After a winter (and spring!) of walking in wellies and thermals it came as quite a shock for Ros and I to set out last week on our Christian Aid walk in blazing sunshine and the forecast of higher tempera-tures as the day progressed.
We left from Latton and took a circuitous route out of the village so that we could go past “Lake Louise”, known to previous generations as Latton Lido, or rather more ignominiously as “the gravel pit”. We then ambled across some field with some of my favourite views (I chose this part of the route) before joining the track that runs from Latton to Down Ampney. Pre-Covid, this bridlepath was mostly used by occasional dog walkers and runners, but during lockdown became the social hub of the village where everyone took their daily exercise.
After a mile or so, we crossed the bridge at Ampney Brook and in doing so crossed from Moonraker country back into Gloucestershire. No pitchfork battles this time, although it did get a bit tetchy just before Christmas when Down Ampney was under Level 3 restrictions and Latton was Level 4!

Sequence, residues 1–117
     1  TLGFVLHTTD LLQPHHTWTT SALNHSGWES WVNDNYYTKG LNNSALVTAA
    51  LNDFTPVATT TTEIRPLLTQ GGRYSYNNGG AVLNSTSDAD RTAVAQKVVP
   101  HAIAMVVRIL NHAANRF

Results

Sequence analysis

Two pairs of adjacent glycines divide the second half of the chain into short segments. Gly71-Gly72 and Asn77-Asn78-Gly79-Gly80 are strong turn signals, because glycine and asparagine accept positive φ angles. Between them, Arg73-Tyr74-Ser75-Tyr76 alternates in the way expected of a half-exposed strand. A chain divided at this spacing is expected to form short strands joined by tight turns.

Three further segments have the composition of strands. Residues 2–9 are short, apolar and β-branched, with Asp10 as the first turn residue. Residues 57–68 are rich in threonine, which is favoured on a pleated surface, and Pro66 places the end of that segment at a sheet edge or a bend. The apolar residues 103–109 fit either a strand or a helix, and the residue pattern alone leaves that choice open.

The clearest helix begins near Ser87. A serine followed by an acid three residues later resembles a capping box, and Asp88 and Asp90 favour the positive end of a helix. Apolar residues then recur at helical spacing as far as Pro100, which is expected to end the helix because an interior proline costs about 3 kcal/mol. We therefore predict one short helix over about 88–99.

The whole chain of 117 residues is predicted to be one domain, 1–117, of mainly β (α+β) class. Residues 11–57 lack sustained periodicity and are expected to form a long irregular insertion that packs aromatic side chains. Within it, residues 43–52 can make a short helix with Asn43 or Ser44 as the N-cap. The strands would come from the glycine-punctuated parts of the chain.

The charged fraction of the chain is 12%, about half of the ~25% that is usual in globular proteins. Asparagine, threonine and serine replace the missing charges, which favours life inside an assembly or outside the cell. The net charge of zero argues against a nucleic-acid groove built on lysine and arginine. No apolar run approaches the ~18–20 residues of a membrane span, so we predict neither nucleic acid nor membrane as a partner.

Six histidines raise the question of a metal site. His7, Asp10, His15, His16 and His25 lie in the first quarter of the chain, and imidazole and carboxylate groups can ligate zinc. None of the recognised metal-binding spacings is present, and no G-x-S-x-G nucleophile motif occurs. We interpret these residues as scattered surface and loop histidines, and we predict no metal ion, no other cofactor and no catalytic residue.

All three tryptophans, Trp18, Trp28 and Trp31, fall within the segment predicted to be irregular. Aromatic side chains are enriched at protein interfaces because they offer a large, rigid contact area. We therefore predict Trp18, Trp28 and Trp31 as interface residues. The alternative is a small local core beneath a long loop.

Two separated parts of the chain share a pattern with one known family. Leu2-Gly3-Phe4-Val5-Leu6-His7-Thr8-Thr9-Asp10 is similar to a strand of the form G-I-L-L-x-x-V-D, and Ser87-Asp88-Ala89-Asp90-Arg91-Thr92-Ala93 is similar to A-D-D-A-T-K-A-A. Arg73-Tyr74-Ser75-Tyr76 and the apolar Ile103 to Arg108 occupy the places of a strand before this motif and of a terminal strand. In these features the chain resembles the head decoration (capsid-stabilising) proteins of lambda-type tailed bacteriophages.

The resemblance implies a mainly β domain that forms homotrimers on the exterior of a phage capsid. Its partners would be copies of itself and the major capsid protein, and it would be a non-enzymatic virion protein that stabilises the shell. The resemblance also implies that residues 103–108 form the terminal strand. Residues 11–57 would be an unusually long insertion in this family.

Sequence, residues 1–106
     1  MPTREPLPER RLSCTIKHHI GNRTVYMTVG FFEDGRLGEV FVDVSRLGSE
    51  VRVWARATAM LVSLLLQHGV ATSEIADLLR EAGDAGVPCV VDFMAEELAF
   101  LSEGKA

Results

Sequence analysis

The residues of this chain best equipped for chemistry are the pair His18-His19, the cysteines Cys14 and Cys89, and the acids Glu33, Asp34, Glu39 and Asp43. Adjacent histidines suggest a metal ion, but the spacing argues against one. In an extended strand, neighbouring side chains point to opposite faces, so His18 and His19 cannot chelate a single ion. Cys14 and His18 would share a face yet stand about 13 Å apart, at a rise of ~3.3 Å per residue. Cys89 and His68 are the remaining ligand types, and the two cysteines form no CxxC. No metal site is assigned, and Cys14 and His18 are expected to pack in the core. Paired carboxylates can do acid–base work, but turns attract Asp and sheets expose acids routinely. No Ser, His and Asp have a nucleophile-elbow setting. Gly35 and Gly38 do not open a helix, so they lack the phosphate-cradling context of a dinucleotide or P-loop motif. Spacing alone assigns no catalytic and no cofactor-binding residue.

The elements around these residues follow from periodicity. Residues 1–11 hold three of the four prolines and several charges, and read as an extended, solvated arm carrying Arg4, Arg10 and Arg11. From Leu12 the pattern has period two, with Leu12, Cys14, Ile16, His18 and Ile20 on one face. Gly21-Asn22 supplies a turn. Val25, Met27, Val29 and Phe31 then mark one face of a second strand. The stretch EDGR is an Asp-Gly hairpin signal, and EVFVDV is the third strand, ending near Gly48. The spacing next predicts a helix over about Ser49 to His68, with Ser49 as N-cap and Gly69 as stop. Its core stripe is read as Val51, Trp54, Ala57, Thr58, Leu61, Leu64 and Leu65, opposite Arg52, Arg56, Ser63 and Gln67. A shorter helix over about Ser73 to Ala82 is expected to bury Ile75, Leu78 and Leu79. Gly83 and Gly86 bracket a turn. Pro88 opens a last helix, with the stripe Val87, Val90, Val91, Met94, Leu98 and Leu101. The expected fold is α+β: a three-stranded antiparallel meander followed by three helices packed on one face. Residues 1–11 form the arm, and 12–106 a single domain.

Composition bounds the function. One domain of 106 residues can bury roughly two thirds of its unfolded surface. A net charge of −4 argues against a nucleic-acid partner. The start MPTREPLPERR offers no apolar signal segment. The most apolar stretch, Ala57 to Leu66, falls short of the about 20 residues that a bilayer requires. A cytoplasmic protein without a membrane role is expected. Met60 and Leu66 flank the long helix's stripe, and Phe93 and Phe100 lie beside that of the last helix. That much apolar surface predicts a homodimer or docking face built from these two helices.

Once in Down Ampney, we picked up the Charlham Lane path and ambled along to the Gilbertine Café at Poulton Priory. We kept a steady pace – even allowing for some stops for drinks and lots of talking – and arrived at exactly the time Ros had planned.
Cake or bacon butties? We opted for bacon butties, which were delicious but maybe very salty food wasn’t a great choice as the day got hotter and I got thirstier.
If you look at the map, the lollipop at the top is our route home where we went on to the main D Ampney-Poulton Rd for a short while before turning off down a very pretty, shaded path which re-joined Charlham Lane. We then walked through swathes of cow parsley before coming back into Latton through the small copse, a view we agreed was “quintessentially English” with church, Cotswold stone houses, and yet more cow parsley. In all we had walked just over 9 miles.
It was a lovely walk, with lots of opportunities to chat and appreciate the stunning late spring wild flowers. But of course there was far more to it than that. At the end of the walk, I turned on my tap and drank a large glass of clean water, followed by a very welcome warm shower and clean clothes. A luxury denied much of the developing world. So far we have raised just over £100 for Christian Aid, with the prospect of a little more still to come, but it is not too late to donate a bit more!